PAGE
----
Sportsmen criticize Senate measure weakening Clean Water Act

Senate measure will weaken wetlands regulations

America's pristine waters are at stake, and the Barrasso-Heller amendment would make the Clean Water Act less effective
Jupiter Images/Dynamic Graphics
America's pristine waters are at stake, and the Barrasso-Heller amendment would make the Clean Water Act less effective.

As the U.S. Senate debates the budget for the Army Corps of Engineers, numerous sportsman and conservation groups criticize an amendment that would defund the administration’s work on Clean Water Act guidance that is crucial to sustaining wetlands and waterways.

B.A.S.S. (in its affiliation with the Theodore Roosevelt Conservation Partnership, or TRCP), Ducks Unlimited, the Izaak Walton League of America, the National Wildlife Federation, Trout Unlimited and TRCP strongly oppose the so-called Barrasso-Heller amendment, which would block the Army Corps of Engineers from taking agency action toward restoring Clean Water Act protections to streams, wetlands and other waters.

Over the past decade, safeguards for headwater streams and critical wetlands have steadily eroded, impacting the ability of these ecosystems to recharge aquifers, retain floodwaters, sustain important fish and wildlife habitat and provide clean water for iconic systems such as the Chesapeake Bay, Great Lakes and Puget Sound. As these waters are polluted and diminished, their tremendous ecological and public health benefits likewise are lost.

“Clean water is the foundation on which enjoyable and productive hunting and angling trips are built,” said Steve Kline, director of the TRCP Center for Agricultural and Private Lands. “We can create jobs without draining wetlands and polluting streams.

“Indeed, thanks to sportsmen, wetlands and streams are great job creators,” continued Kline. “Sitting in a duck blind or floating on a trout stream, sportsmen have the chance to appreciate first-hand just what clean water means. Now we must act as advocates for the conservation of our nation’s waters and wetlands until these irreplaceable resources are appropriately managed and conserved.”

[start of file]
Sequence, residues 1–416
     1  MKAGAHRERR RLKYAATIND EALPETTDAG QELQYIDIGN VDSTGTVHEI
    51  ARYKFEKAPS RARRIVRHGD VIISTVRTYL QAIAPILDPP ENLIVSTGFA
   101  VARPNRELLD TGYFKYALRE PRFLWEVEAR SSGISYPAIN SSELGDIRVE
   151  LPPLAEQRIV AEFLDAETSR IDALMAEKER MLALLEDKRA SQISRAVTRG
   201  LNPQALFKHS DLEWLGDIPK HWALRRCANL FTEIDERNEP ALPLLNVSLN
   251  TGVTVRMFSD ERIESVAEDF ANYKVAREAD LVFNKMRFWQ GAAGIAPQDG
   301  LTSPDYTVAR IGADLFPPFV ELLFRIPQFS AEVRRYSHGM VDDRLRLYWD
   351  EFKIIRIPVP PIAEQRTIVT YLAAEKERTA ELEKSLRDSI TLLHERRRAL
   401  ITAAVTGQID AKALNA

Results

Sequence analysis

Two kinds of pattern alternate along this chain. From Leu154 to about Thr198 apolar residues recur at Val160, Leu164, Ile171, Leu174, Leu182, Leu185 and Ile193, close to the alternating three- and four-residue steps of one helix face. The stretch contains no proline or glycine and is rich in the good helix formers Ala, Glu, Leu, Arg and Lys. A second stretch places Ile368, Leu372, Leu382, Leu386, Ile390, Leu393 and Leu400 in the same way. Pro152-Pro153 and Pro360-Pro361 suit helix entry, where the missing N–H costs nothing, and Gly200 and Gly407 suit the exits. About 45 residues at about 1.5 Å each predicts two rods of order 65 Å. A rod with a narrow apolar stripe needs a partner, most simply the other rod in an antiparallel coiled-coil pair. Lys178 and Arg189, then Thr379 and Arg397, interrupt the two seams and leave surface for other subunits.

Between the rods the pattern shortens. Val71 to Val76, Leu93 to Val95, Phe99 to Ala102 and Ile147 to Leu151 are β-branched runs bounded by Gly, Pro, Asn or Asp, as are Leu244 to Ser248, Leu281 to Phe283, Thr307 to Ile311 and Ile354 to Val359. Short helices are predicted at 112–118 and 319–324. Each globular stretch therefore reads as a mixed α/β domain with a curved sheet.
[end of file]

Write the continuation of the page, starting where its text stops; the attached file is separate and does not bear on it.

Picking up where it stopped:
Proposed guidance issued by the administration in April would more clearly define which U.S. waters are subject to Clean Water Act protections and begin restoring protections for many of the nation’s wetlands and waterways left vulnerable since the SWANCC (2001) and Rapanos (2006) Supreme Court decisions. The wording of the decisions left regulators, landowners and manufacturers confused about which U.S. waters are protected by the Clean Water Act.

Supreme Court rulings and agency guidance issued over the past decade have jeopardized crucial water resources and wildlife habitat, removing protections for at least 20 million acres of wetlands, according to Scott Yaich, director of conservation operations for Ducks Unlimited. “Streams that sustain critical fisheries and feed the public drinking water systems for more than 117 million Americans are also at risk.”

The total economic contributions of hunting and angling are substantial. In 2006, hunters and anglers accounted for $95.5 billion in economic activity, including trip-related expenses and equipment costs. Wildlife watchers contributed $43.5 billion, including trip-related expenses and equipment costs. Altogether, these two groups spent approximately $139 billion in 2006 alone, breathing life into rural communities and supporting millions of jobs across the country.

Inspired by the legacy of Theodore Roosevelt, the TRCP is a coalition of organizations, including B.A.S.S., and grassroots partners working together to preserve the traditions of hunting and fishing.

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